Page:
Can’t Wait

We are deep into the indecisiveness of spring here. One day it’s this:

And the next this:

It’s the warm sunny days that are dangerous. I do try to be rational, even in the face of 68-degree days, with sunshine bathing the new raspberry shoots, and daffodils and peach blossoms bursting forth. This year I managed to wait through two really major warm spells without planting a thing. And then my willpower crumbled.

Peppers, onions, broccoli, brussel sprouts, and even some flowers… Was it really a good idea to plant all those seeds? I don’t know. I do know that every time I spy another pale green curl of life, it makes me very happy.

New Skills

It’s always enjoyable to watch a young child learn something new. This is especially true when the new thing they learn has the effect of making my life easier. And, it turns out, it’s true even when they’re essentially becoming more manipulative. Let me explain.

I’ve written before about the (ubiquitous, expected) “no, me!” phenomenon between Nathan and Ryan. There is an entire house full of toys — but the one Ryan wants just happens to be the exact one that Nathan currently has. There is an entire yard to play in, but the one spot Nathan wants to be is exactly where Ryan is. And so on. It’s so universal a phenomenon that there seems no point talking about it, unless you’re a parent currently living through it, in which case discussing it is an excellent way to bond with other parents of young children.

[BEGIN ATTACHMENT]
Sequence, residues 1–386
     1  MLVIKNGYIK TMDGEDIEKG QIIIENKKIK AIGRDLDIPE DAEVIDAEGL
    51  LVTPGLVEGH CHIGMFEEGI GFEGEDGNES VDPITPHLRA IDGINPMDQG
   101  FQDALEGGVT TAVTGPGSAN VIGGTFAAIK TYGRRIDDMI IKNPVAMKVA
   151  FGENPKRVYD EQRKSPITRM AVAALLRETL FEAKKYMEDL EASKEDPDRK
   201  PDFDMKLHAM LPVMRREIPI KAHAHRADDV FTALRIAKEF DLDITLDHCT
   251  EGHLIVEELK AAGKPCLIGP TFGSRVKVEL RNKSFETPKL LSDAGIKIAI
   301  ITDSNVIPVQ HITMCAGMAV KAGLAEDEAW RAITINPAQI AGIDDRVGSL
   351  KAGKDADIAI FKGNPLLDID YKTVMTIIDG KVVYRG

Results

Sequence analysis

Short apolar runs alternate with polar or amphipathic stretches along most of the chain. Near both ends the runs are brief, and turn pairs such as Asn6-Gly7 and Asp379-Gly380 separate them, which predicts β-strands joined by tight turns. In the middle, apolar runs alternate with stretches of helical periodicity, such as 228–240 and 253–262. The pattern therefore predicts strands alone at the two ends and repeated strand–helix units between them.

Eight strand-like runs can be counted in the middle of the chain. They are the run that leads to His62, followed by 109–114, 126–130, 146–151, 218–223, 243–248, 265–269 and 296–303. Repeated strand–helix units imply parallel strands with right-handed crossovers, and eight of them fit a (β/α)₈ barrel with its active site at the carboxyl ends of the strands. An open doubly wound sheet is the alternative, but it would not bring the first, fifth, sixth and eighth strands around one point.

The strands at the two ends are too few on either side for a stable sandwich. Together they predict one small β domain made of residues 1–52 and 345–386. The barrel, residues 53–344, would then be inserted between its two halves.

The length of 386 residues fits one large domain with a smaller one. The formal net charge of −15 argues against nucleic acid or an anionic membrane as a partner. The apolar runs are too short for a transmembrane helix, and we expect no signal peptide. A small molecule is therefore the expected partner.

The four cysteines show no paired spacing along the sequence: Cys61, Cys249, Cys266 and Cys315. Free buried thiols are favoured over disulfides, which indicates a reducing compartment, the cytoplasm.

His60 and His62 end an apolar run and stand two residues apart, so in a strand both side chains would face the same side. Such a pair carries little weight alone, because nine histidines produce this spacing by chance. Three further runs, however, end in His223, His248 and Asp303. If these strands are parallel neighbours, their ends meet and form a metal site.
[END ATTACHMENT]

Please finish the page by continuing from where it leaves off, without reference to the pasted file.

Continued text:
We have successfully applied a number of tools to the “no, me!” problem, including taking turns and sharing, with the result that conflict generally occurs only several dozen times a day instead of constantly. Yay! Nevertheless, we are always excited to see another possible reduction in conflict. Hence my excitement at the following exchange, which took place recently at the end of dinner:

Nathan: I’m going to play with the green tractor.

Ryan: Me play with green tractor!

Nathan (clearly trying to be generous): Well, you can have the green tractor. I’ll play with the front loader.

Ryan: Me play with front loader!

Nathan (turning to look toward the other end of the house): Ok. I’ll play with the yellow truck.

Ryan: Me play with yellow truck!

At this point I had finished wiping Ryan’s hands and lifted him down from his high chair. He ran off toward the yellow truck. I fully expected Nathan to follow, perhaps yelling his current war cry of “I want!” as he went. Instead, he climbed down from his chair, quietly collected the green tractor and front loader, and went in the opposite direction from Ryan. Soon they were both playing happily in separate rooms.

I’m not sure if I’m supposed to be happy about this. On the one hand, Nathan essentially played off Ryan’s weaknesses in order to gain his own ends. On the other hand, they were both happy afterwards, and without even going through a shouting match. So far convenience has won out, and I’m rooting Nathan on.